There were several rollerblade flicks to grace screens in the late eighties and early nineties (Solarbabies, Rollerblade 7, Roller Blade Warriors), but only one had the vision to cast one of the Two Coreys. Corey Haim, stars as Griffin in Prayer of the Rollerboys, a low rent post-apocalyptic flick in which a band of trenchcoated teens terrorize society. The Roller Boys are yuppie scum on skates and earn their bread by making and selling the designer drug “Mist.” Their goal: use their drug profits to buy back America from the foreign powers that bought out the U.S. after the “Great Crash” of the economy. If you live in Detroit, sharpen your skates because the “Day of the Rope” may soon be upon us.
Despite Griffin and Roller Boy leader Gary Lee (Christopher Collet) growing up together, Griffin steers clear of the Roller Boys until his little brother Milton (Devin Clark) gets mixed up in some bad business. Griffin has to go undercover to save his brother and help out policewoman hottie Casey (Patricia Arquette). A goofus getting in good with a band of twisted criminals while bedding a short-haired chick? If this sounds like an early draft of Point Break, that’s probably because writer W. Peter Iliff went on to pen the Keanu Reeves cult classic.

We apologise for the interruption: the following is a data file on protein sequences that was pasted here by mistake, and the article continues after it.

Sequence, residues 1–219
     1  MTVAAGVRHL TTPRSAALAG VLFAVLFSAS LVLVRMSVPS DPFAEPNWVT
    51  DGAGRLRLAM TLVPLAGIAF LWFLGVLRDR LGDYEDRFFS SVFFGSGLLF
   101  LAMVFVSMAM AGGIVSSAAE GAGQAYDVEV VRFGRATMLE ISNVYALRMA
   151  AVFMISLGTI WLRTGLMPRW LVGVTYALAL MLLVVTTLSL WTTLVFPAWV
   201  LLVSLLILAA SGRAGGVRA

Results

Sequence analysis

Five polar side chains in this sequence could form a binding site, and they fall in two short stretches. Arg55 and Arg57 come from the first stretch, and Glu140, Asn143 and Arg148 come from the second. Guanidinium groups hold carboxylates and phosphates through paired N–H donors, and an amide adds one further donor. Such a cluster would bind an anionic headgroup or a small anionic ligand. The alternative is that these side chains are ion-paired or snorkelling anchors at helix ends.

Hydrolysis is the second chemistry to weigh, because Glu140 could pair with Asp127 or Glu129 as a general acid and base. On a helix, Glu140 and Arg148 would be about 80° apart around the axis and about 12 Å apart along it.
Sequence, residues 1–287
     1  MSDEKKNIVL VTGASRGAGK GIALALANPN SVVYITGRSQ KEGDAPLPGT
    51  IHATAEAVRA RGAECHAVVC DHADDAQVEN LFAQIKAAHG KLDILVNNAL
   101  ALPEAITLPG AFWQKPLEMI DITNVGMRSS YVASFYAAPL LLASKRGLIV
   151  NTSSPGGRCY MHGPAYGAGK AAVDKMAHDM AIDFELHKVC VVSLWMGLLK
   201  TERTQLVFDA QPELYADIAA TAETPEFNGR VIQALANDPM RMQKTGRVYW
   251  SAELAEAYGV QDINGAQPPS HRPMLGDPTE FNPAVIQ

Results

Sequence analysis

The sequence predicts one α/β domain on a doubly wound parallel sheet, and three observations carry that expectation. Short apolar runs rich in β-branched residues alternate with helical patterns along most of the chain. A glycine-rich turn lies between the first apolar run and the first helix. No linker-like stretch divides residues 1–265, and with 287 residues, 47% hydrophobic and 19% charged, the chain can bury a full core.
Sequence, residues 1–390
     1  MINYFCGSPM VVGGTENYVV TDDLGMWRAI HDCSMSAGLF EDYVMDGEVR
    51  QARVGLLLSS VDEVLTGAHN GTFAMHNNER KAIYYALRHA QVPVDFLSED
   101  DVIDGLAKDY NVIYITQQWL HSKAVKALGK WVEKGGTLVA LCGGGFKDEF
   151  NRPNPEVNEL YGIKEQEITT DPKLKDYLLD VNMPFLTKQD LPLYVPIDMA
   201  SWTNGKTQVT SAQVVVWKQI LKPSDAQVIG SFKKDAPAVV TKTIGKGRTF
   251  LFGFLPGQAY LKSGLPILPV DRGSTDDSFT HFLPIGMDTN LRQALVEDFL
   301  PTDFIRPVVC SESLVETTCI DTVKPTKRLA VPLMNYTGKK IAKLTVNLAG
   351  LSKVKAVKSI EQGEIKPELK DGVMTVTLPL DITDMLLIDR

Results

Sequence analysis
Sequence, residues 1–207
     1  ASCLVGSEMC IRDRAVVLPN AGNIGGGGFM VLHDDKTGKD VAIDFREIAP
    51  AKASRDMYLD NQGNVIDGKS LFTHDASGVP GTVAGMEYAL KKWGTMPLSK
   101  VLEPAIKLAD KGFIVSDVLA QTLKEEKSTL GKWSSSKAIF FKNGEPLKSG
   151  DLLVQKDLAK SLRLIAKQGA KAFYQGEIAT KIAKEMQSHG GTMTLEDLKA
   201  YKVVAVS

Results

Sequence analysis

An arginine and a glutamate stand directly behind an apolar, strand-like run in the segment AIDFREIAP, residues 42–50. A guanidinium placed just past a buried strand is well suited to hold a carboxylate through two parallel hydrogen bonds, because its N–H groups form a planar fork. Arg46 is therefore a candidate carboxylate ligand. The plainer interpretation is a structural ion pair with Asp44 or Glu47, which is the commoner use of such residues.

At times reminiscent of Peter George’s Surf Nazis Must Die (especially with Gary Lee’s “final solution”), Prayer of the Rollerboys is a classic case of bad film pouncing on a trend. A must see for Corey Haim’s extensive headband and do-rag collection. “Day of the rope… Day of the rope… Day of the rope…”